Update on Route 1 ‘Urban Boulevard’ Plan — “The Virginia Department of Transportation (VDOT) will hold a virtual public information meeting Thursday, April 28 on a feasibility study identifying enhanced multimodal connectivity and accommodations along Route 1 (Richmond Highway) from 12th Street South to 23rd Street South to meet the changing transportation needs of the Crystal City and Pentagon City communities.” [VDOT]
More Wins for Yorktown Lax — “The defending state champion Yorktown High School boys lacrosse team improved to 7-2 with blowout victories over Herndon, 15-2, and Dominion, 17-5, for seven straight victories.” [Sun Gazette]
Regional Grant for Ballston Metro Entrance? — From Arlington’s Dept. of Environmental Services: “A new west entrance to the Ballston-MU Metrorail station is in the running. Let these fine folks know why their greenbacks would be well spent.” [Twitter, N. Va. Transportation Authority]
‘Empty the Shelters’ Event Next Week — “The Animal Welfare League of Arlington is participating in the Bissell Pet Foundation’s spring “Empty the Shelters” animal adoption event next week from May 2-8. More than 275 shelters in 45 states and Canada are participating in the week-long event. The Bissell Pet Foundation sponsors reduced adoption fees for $25 or less.” [Patch]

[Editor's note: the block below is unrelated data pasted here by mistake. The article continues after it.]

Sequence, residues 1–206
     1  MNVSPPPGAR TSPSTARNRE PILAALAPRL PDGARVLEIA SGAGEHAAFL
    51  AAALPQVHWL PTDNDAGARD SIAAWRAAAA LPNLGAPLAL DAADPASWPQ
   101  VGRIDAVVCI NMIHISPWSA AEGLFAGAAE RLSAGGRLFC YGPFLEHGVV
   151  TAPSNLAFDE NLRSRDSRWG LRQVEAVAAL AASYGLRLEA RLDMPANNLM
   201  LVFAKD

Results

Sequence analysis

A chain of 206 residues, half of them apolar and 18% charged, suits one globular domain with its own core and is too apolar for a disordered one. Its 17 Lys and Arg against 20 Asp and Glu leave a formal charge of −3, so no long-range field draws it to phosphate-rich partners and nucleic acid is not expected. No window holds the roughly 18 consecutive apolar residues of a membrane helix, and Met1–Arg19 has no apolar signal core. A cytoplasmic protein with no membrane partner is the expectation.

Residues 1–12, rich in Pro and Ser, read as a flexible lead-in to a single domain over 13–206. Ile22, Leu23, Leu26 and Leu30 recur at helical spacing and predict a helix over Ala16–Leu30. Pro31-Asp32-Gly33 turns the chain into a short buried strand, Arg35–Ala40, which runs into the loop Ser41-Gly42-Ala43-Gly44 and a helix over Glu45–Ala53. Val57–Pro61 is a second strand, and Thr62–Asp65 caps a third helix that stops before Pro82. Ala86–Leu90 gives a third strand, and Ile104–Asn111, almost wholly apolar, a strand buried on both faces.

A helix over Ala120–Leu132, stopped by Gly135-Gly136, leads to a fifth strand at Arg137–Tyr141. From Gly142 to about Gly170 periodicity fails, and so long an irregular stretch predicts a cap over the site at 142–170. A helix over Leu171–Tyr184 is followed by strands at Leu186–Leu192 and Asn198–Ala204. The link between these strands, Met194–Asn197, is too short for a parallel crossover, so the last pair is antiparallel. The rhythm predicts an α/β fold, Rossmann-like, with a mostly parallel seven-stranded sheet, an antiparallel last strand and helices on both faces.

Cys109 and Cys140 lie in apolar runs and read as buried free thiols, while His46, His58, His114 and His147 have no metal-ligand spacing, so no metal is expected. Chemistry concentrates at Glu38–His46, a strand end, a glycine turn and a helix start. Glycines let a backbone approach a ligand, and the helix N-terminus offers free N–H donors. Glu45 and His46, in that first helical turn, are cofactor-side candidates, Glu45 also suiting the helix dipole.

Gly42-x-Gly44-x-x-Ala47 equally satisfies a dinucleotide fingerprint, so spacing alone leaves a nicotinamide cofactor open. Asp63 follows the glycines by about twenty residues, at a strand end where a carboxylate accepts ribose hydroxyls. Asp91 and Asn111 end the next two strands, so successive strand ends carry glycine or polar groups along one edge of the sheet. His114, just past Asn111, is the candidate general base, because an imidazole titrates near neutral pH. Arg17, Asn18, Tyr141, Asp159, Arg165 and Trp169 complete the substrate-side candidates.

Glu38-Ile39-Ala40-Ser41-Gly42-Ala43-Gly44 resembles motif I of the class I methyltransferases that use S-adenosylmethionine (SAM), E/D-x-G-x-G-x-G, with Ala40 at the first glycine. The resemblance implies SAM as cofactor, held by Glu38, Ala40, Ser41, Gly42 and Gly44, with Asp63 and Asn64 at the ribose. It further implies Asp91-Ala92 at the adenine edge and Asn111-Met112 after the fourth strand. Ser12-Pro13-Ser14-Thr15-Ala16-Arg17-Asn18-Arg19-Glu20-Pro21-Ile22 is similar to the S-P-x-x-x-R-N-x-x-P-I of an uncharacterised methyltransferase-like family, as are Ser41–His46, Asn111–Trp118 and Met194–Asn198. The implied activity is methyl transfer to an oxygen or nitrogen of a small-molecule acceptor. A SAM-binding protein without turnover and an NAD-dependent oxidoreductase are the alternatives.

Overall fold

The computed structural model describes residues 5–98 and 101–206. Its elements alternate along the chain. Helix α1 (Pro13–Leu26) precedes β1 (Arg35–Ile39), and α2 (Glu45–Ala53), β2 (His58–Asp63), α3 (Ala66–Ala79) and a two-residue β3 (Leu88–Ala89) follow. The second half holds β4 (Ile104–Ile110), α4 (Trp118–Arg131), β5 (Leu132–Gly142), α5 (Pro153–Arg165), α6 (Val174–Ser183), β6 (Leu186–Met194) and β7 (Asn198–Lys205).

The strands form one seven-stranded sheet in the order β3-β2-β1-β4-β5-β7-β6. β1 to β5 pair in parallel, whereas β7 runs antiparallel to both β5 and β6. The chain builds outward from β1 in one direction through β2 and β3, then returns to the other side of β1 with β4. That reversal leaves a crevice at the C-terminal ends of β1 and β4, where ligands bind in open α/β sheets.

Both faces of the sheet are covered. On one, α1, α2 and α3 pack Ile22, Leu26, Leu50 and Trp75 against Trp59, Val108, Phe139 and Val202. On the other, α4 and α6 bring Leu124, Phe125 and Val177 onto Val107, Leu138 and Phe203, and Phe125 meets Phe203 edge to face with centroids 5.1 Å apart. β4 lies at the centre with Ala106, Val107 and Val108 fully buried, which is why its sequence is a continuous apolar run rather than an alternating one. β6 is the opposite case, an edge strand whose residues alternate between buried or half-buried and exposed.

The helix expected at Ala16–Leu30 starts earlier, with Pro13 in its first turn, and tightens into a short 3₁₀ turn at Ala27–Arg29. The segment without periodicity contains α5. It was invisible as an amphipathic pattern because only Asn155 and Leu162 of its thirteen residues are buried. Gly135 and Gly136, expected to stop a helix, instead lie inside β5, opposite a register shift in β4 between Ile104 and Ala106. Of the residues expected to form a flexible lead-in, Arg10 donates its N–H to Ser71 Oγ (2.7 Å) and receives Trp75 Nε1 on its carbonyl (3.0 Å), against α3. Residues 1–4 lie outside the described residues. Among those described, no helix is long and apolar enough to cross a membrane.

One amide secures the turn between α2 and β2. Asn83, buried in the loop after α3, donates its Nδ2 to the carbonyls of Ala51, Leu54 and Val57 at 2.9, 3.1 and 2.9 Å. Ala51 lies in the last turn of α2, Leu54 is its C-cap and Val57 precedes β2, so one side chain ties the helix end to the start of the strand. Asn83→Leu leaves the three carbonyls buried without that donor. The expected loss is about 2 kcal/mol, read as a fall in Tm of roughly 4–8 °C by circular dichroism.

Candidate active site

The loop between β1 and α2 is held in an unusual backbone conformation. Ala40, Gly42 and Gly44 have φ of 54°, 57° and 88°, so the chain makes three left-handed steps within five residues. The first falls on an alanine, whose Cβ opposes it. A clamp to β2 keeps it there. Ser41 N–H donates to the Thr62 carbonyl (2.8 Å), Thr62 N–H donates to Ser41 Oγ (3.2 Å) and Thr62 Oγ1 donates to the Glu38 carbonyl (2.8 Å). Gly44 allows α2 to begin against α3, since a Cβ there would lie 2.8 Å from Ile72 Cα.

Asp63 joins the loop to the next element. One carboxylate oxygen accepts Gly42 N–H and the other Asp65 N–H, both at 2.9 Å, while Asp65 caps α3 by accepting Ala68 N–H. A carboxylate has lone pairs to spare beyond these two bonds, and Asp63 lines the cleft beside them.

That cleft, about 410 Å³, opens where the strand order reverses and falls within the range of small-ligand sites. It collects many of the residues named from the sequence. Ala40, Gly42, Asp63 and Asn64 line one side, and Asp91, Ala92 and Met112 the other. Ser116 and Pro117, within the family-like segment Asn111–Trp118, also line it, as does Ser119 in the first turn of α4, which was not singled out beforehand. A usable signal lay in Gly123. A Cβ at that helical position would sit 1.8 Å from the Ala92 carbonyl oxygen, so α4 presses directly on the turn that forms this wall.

Warner Weighs in on Musk Buying Twitter — From Sen. Mark Warner: “Elon Musk must work in good faith to preserve Twitter’s necessary reforms to prevent the spread of misinformation.” [Twitter]
It’s Wednesday — Mostly sunny, with a few more clouds in the afternoon. High of 58 and low of 44. Sunrise at 6:16 am and sunset at 7:58 pm. [Weather.gov]
Two Local Spots on Best Bagel List — Arlington’s homegrown Brooklyn Bagel has ranked No. 4 on a list of the D.C. area’s best bagels, while Bethesda Bagel, which has an outpost in Rosslyn, ranked No. 1. [Washingtonian]
Dems Set School Board Caucus Rules — “The 2022 Arlington County Democratic Committee School Board caucus will be an in-person-only affair with the controversial party-loyalty oath retained, based on rules adopted by the party’s rank-and-file on April 6. Democrats will select their School Board endorsee during four days of voting in June, using the instant-runoff format that has been a familiar feature of Democratic caucuses in recent years.” [Sun Gazette]
Ukrainian Ambassador Lauds Local Donation — From County Board Chair Katie Cristol: “It was profoundly moving to have Ambassador Markarova join us as we send off pallets of emergency protective equipment and kit to Ukraine. With these supplies, we also send our solidarity and commitment to help our sister city and the Ukrainian people however we can.” [Twitter, Twitter]